The morning of July 27, 2015, was a critical moment in efforts to conserve Africa’s wildlife. That morning, 15 newspapers around the world published a story describing the hunting of a lion in Zimbabwe named “Cecil” and naming an American hunter as responsible for his killing. The story was filled with false accusations and inaccuracies, including that the American was hunting illegally and that the lion was lured out of Hwange National Park so that it could be killed. These inaccuracies were seized by anti-hunting extremists determined to inspire moral outrage in an unwitting public and empower the extremists’ global campaign to end all hunting. While repeating the falsehoods from the press accounts, antis also deliberately chose language that equated poaching with legal hunting and created the erroneous impression that hunting was a primary driver of lion declines in Africa. Social media functioned as a strategically critical tool, allowing extremists to multiply the 15 newspaper stories into 695,983 hits within two months time, giving the anti-hunting extremist agenda increased political momentum.
Dangers of Ignoring Global Threats to Hunting The impact of this disinformation campaign against hunting and African wildlife conservation has been tremendous. In the year since that lion was killed, anti-hunting extremists have been able to leverage the false perception they created among the public to achieve tangible policy goals, including:
Securing agreements with 47-plus international air carriers to prohibit the transport of legally acquired African hunting trophies;
Enacting a ban on the importation of legally taken African hunting trophies into the State of New Jersey;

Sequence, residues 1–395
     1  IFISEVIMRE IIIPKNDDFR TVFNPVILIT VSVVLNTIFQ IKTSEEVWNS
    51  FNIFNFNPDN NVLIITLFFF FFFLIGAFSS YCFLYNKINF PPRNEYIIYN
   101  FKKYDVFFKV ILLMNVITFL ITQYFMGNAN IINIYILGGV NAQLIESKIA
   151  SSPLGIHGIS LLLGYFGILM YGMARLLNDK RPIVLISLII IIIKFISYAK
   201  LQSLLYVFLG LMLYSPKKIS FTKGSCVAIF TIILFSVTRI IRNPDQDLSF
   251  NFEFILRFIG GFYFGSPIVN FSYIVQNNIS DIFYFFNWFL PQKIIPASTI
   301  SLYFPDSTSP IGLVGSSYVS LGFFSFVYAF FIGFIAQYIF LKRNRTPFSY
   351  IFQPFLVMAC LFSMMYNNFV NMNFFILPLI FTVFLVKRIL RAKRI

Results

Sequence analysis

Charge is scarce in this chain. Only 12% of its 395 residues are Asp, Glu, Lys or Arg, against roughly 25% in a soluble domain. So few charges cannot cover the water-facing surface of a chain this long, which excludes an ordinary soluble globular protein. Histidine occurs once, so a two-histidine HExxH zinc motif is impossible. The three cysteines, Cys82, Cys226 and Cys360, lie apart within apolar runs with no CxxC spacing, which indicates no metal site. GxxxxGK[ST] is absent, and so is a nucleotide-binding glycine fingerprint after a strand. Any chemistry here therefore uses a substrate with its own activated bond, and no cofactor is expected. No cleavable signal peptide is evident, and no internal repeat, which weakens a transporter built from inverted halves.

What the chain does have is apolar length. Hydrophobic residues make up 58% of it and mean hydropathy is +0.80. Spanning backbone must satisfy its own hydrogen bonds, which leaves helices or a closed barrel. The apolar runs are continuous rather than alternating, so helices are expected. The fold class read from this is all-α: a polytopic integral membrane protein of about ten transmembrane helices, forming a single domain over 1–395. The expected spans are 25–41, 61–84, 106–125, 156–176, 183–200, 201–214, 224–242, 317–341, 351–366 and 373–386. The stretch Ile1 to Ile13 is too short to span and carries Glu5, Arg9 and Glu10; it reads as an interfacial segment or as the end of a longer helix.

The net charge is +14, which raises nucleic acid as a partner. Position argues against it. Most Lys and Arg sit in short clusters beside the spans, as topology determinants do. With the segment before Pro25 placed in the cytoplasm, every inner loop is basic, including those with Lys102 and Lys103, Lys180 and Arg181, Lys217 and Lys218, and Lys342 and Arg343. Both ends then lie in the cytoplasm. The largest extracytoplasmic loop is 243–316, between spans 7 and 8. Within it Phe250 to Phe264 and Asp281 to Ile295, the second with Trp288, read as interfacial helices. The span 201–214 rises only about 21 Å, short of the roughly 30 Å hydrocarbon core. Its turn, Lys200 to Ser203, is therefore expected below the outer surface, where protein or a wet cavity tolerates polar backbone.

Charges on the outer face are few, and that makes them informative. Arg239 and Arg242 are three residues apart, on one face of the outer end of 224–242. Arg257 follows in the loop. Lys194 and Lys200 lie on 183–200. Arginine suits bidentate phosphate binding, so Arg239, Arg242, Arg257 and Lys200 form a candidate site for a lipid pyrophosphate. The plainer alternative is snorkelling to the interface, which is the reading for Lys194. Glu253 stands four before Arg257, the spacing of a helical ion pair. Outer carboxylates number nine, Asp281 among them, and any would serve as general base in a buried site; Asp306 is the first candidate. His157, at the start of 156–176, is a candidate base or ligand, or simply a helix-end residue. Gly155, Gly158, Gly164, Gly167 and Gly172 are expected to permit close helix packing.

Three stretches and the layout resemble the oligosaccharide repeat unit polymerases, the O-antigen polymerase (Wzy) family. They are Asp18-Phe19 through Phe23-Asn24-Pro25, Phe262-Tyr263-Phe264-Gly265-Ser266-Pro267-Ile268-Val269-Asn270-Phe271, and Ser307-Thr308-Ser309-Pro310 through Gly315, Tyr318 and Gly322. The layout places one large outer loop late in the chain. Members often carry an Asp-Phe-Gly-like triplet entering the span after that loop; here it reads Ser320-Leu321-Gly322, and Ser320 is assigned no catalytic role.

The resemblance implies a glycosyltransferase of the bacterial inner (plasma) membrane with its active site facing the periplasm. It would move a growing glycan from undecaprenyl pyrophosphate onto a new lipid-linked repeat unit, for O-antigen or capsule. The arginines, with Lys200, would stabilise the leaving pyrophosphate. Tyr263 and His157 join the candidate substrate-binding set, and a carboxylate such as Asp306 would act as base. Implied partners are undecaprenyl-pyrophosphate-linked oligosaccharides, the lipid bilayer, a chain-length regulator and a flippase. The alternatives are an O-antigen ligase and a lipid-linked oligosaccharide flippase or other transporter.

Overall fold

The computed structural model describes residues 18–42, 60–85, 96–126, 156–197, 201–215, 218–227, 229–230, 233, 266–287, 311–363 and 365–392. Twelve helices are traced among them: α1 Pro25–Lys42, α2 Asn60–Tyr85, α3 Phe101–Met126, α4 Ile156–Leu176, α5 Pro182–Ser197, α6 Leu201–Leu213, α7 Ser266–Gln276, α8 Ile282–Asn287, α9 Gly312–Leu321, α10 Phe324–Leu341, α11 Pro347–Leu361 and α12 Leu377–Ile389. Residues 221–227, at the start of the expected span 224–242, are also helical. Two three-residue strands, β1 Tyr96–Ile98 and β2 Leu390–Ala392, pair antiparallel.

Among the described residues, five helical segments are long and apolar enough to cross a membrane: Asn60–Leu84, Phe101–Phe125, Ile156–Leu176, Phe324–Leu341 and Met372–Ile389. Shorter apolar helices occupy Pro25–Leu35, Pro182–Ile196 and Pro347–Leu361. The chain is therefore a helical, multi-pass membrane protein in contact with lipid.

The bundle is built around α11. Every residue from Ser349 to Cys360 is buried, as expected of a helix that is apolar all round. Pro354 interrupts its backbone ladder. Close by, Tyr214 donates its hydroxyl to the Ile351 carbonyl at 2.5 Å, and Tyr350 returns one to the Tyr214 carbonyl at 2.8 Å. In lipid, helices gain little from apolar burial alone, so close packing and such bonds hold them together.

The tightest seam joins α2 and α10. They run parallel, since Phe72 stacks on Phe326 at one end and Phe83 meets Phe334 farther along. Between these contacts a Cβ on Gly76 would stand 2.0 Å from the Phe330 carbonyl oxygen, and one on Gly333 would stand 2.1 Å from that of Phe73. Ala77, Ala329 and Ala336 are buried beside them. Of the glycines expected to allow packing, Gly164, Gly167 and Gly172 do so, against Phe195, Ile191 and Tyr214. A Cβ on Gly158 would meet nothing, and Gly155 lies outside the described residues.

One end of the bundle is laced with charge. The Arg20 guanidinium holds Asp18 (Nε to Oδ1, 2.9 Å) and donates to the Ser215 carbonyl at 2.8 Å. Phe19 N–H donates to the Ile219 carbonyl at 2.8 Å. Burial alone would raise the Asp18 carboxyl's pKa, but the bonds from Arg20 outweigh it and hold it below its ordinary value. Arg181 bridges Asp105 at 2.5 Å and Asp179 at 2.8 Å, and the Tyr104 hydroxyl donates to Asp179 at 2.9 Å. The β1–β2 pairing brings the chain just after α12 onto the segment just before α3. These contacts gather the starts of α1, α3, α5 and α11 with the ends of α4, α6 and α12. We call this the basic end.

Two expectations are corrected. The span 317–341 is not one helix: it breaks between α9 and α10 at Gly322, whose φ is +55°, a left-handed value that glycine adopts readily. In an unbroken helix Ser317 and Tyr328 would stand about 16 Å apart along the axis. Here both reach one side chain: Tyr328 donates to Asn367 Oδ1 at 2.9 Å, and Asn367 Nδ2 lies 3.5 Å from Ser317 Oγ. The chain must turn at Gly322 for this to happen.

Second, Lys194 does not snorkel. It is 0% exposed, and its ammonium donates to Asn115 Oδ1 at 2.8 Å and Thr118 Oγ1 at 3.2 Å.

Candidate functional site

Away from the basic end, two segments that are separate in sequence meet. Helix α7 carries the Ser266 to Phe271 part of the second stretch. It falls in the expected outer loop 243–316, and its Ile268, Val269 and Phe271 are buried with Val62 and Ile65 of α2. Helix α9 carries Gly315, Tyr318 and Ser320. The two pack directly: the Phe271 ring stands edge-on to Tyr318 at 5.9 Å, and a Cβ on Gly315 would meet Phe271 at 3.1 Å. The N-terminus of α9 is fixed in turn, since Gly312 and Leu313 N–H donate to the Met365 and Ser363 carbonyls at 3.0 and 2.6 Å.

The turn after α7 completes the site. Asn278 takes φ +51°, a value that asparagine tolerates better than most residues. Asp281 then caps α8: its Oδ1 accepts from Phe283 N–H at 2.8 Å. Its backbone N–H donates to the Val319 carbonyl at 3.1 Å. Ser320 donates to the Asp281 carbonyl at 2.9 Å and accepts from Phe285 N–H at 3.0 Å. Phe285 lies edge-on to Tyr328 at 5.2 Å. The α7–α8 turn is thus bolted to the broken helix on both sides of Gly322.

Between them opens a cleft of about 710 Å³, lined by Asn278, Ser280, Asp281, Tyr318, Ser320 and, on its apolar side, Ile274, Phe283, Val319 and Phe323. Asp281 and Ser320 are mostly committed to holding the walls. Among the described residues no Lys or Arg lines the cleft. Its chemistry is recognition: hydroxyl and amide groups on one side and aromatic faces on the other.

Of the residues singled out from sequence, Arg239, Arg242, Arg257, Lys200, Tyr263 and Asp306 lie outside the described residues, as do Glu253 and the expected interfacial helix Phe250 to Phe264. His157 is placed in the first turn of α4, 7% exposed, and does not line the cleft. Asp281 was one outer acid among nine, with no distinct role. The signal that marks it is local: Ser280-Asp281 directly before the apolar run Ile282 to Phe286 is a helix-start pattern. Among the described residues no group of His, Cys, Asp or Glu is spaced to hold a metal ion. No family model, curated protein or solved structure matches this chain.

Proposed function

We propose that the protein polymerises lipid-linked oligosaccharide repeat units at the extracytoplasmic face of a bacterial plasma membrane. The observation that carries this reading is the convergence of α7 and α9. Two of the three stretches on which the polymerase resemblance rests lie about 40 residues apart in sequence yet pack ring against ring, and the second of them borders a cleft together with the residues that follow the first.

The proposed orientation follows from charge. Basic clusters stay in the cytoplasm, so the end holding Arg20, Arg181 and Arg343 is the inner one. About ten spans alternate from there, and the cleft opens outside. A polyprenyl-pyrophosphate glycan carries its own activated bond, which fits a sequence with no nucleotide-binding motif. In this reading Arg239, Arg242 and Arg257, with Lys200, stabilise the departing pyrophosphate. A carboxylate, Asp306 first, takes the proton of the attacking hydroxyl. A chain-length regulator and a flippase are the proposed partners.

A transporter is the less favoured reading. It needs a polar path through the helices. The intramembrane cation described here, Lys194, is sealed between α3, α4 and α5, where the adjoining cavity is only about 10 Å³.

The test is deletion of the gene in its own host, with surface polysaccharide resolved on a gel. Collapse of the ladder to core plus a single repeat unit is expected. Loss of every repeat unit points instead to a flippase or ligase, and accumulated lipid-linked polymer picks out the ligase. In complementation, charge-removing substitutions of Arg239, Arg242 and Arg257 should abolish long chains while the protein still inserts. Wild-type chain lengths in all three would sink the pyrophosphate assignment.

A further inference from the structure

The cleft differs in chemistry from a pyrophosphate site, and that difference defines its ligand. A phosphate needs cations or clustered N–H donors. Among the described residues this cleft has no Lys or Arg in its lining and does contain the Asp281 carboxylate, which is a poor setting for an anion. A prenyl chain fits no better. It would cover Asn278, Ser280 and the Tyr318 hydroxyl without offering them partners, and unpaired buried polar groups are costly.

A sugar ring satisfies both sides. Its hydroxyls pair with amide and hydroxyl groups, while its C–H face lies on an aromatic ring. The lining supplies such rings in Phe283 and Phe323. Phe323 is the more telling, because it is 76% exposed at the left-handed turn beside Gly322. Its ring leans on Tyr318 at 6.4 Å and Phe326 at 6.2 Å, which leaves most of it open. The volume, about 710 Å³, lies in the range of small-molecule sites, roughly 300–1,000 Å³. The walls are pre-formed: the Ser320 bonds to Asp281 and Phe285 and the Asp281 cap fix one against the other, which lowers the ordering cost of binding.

Enacting a nationwide ban on the importation of legally taken African and Arctic hunting trophies into The Netherlands;
Securing bans on the importation of legally acquired African lion trophies into France and Australia;
Increasing obstacles for U.S. hunters importing legally acquired African lion hunting trophies into the United States via expanded Endangered Species Act regulations.
Less tangibly, the misinformation around the events of a year ago has inspired legislation and ongoing political debate within the U.S. Congress and European Parliament to prohibit hunters from importing a wide range of African hunting trophies. If this legislation becomes law, anti-hunting extremists will have reached a key milestone in their campaign to end all hunting—worldwide.
Anti-hunting activists are succeeding because they have convinced a large part of the public that ending hunting is essential to ensuring the future of the African lion. A public as eager to conserve wildlife as hunters are has answered the radicals’ sirens call, especially on social media. But has this social media campaigning actually done anything to conserve Africa’s lions? Like an op-ed in theNew York Times on July 1 concluded, the answer is a clear “no.”
Hunting's Key Role in African Lion Conservation Contrary to the propaganda of animal rights extremists, hunting is an essential component of lion conservation in Africa. This is because conservation is a capital-intensive undertaking and, in many areas, regulated hunting programs are the best and surest way to raise that capital. On conservancies and concessions where lion hunting is allowed, it provides anywhere between 5 to 17 percent of the gross revenues necessary to manage those areas for wildlife habitat. While this may not sound like much money, researchers from the University of Pretoria in South Africa have shown that this revenue is the difference between conservation areas being economically viable and bankruptcy. The anticipated impact of ending lion hunting would be the closure of conservation programs supported by hunting followed by increases in poaching and the eventual conversion of the available wildlife habitat to agricultural use. According to researchers, this could be anticipated to occur over 14,712,160 acres—an area more than six times the size of Yellowstone National Park. Given the extent to which extremists have been able to enact policies that close markets for lion hunting, this scenario is now a very frightening possibility.